"The defendant, however, contends that, because its product was intended to affect only plant life, and property alone was subject to injury, it owed no duty to the plaintiff, since it had no contract with him. With that contention we do not agree. Through its advertising and literature the defendant had expressly invited the plaintiff and other growers to use its product for the purpose of disinfecting bulbs and bulblets, and, since it had undertaken to direct the manner in which it should be used, the users had a right to assume that the company had exercised such care as an ordinarily prudent manufacturing chemist would usually have used in giving the directions for the use of such a product, and had not knowingly prescribed a use which would destroy their plants."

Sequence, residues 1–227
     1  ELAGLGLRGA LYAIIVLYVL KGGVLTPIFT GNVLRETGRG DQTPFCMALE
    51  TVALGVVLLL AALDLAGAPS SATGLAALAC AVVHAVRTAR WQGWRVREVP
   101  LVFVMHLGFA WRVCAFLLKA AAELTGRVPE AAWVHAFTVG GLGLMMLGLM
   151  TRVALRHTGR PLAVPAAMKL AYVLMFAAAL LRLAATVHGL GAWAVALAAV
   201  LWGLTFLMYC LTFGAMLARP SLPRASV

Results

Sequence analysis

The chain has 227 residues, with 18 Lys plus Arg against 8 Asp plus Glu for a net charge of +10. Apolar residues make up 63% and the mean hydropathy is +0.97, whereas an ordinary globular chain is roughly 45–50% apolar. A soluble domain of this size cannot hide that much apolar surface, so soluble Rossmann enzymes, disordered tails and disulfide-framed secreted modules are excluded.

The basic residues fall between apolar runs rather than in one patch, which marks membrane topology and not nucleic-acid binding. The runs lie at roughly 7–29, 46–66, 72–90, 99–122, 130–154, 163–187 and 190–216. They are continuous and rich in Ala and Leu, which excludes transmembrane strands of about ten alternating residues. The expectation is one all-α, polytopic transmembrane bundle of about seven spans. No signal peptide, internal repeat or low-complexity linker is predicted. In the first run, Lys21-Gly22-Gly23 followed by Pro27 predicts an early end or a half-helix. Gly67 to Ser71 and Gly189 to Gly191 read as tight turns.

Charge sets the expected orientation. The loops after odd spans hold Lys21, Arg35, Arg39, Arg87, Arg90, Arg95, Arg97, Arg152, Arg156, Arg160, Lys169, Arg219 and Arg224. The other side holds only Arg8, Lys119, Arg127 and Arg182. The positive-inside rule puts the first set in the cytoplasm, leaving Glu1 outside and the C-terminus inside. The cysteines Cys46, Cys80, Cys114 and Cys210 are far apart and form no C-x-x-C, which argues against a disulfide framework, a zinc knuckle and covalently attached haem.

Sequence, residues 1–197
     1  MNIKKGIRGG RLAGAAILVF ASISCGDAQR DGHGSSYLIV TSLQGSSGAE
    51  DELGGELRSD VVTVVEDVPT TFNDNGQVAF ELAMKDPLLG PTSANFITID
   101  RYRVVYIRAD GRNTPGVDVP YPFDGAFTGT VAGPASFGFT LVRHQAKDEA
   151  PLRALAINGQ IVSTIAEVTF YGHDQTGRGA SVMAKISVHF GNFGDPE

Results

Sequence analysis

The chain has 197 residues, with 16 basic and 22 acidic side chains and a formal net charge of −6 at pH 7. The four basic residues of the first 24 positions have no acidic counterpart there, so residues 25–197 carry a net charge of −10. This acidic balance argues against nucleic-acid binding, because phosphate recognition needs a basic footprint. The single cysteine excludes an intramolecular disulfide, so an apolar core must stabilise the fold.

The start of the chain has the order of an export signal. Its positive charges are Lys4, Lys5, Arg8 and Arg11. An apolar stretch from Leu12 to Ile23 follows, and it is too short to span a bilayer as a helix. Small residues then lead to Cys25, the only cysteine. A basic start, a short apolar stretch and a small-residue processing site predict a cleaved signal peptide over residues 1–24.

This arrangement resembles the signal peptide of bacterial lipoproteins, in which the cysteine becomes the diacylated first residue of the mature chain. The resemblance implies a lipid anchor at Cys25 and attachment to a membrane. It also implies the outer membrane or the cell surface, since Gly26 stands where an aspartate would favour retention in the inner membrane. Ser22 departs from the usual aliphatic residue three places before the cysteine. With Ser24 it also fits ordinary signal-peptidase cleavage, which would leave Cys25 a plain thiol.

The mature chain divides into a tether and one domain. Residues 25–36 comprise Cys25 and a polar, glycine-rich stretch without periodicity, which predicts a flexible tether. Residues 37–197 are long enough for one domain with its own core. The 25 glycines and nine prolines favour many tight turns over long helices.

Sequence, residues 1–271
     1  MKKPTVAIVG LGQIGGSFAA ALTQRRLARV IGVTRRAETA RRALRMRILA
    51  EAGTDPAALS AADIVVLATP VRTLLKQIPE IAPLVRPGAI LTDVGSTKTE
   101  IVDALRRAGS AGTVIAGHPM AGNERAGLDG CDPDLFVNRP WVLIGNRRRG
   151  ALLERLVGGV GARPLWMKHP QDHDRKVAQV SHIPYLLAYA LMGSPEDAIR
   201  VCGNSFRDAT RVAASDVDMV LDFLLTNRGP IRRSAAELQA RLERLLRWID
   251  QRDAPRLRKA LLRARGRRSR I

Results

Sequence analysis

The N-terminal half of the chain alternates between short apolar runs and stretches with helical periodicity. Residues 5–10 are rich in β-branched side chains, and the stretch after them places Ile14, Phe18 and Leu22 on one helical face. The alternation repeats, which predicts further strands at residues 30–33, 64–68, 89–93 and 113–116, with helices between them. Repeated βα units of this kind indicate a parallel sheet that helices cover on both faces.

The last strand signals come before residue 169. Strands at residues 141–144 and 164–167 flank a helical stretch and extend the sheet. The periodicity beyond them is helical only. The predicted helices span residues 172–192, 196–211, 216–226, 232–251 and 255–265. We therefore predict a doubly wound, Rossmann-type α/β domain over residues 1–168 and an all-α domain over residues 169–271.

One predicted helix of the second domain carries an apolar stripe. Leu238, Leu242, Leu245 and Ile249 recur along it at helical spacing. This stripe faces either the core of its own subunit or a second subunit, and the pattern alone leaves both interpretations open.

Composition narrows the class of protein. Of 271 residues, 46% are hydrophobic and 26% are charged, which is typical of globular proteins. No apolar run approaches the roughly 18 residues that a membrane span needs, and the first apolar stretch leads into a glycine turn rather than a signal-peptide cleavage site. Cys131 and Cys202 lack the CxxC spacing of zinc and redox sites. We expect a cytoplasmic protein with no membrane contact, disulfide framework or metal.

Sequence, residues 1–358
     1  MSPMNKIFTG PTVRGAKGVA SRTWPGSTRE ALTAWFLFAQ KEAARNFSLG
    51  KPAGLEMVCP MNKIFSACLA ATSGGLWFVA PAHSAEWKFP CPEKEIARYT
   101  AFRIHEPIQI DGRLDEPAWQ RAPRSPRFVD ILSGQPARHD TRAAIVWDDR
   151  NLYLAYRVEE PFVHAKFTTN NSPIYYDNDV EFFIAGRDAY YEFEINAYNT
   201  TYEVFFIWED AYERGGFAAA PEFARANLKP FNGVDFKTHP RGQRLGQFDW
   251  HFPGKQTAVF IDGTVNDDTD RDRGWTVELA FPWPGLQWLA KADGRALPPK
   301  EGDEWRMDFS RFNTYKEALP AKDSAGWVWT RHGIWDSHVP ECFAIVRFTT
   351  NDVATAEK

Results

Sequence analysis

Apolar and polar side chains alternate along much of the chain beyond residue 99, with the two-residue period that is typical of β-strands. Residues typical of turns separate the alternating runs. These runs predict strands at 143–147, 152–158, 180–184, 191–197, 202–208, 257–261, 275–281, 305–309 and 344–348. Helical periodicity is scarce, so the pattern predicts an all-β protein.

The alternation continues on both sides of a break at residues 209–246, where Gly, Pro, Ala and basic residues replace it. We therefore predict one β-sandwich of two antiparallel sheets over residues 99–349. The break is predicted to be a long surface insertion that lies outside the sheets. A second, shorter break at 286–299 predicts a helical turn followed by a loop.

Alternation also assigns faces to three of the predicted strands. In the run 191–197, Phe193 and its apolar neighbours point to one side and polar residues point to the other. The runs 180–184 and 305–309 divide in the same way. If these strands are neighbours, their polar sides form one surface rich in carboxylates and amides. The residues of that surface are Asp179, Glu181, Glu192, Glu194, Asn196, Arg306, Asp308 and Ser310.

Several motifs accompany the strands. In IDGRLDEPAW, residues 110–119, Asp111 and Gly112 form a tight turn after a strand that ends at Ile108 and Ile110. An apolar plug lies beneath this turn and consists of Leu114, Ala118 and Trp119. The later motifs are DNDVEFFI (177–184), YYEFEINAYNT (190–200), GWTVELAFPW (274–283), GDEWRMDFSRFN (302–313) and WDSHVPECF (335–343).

Kolberg v. Sherwin-Williams Co., 93 Cal. App. 609, 269 P. 975, involved the destruction of orange trees by a spray known as "Citromulsion." The agents of the defendant in that case had represented that the spray would kill the scale and not injure the trees, fruit, or buds. It was also stated that the spray had been used on other groves with "good results." It was shown that Citromulsion was utterly unfit as a spray for orange trees and was inherently dangerous to them. The Court, in sustaining a judgment for the plaintiff, said at page 977 of 269 P.: "The liability of the defendant rests upon the sound rule that a manufacturer or seller of an article inherently dangerous to life or property is liable for injuries to the ultimate consumer who has purchased through a middleman. 17 A. L.R. 674, 683."